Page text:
Norris wrote this. “These are words of conversion, taking hold they can change a life. ‘You have abandoned the love you had at first.’ When I first heard them in the monk’s choir, tears welled up in me, unexpected and unwelcome. I remembered how completely I had loved God and church as a child, and how easily I had drifted away as a young adult.”

“You have abandoned the love you had at first.”

She continued. “Somehow the simple magic of having the Bible read aloud to me opened my eyes to recognize the extent I had allowed the resistance of the world to shake my faith. A secular world view, terribly sophisticated, but of little use to me in the long run, had taken hold of me. Consequently I had allowed the fire to die down in my heart. In the Benedictine choir I allowed John’s words to wash over me, and my full sense of the sacredness of the world returned, and I had begun to listen as a child again.”

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The Bitter Conflict

We are caught in a bitter conflict between flesh and spirit. Jesus has delivered us from sin, but not from the weaknesses and desires of the flesh. We have to reproduce in our life the Cross of Christ so that, have died sacramentally to sin in baptism, we may also put to death sin in our flesh by restraining our evil desires and bad tendencies. This is the basis of monastic asceticism. (Or the Christian walk)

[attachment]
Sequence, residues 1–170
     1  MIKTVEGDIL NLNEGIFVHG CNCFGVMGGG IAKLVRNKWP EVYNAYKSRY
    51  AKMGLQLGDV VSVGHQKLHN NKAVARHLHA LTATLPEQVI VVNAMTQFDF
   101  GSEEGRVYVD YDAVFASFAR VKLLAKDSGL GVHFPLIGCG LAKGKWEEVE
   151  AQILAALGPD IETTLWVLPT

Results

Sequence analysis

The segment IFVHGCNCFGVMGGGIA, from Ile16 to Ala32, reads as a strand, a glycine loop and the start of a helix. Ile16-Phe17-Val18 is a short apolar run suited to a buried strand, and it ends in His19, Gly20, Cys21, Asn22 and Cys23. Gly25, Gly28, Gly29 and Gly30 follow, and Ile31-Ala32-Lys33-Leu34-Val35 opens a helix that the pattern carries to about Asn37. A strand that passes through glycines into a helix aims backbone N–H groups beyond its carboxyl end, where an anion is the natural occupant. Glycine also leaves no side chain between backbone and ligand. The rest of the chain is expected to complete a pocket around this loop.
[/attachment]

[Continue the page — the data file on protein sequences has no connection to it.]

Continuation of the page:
—-Thomas Merton from Basic Principles of Monastic Spirituality

There is not one among us who has not felt the tug of war caused by the conflict of flesh and spirit. This conflict of soul lives in everyone, and the battle rages with little relief. As we face this reality and own it, the conflict takes on a new aspect. The acknowledgement of our fleshly weaknesses allows us to turn to the spirit that is promised by Jesus. But the Advocate, the Holy Spirit, whom the Father will send in my name, will teach you everything, and remind you of all that I have said to you.(John 14:26) Through this spirit we can achieve small victories over our desires, but we have to work at it, and be vigilant.

Prayer young manMerton points to a very important, and the often neglected reality of sacramental grace. Through our baptism the community lift us up so that we might die to sin. That grace is an important tool in our battle with the flesh, and one that should not be neglected. When the congregation (community) says, “-we will so order our lives after the example of Christ, that this child, surrounded by steadfast love, may be established in the faith-” that pledge is the communion of saints in action. We must never abandon the strength that can be garnered from the sacramental community.

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Crossing The River

boy-carrying-girlTwo monks, Tanzan and a younger monk, were walking down a muddy street in the city. They came on a lovely young girl dressed in fine silks, who was afraid to cross because of all the mud.

“Come on, girl,” said Tanzan. And he picked her up in his arms, and carried her across.

The two monks did not speak again till nightfall. Then, when they had returned to the monastery, the young monk couldn’t keep quiet any longer.

“Monks are not suppose to go near young girls,” he said “certainly not beautiful ones like that one! Why did you do it?”

“My dear fellow,” said Tanzan. “I put that girl down back in the city. It’s you who are still carrying her.”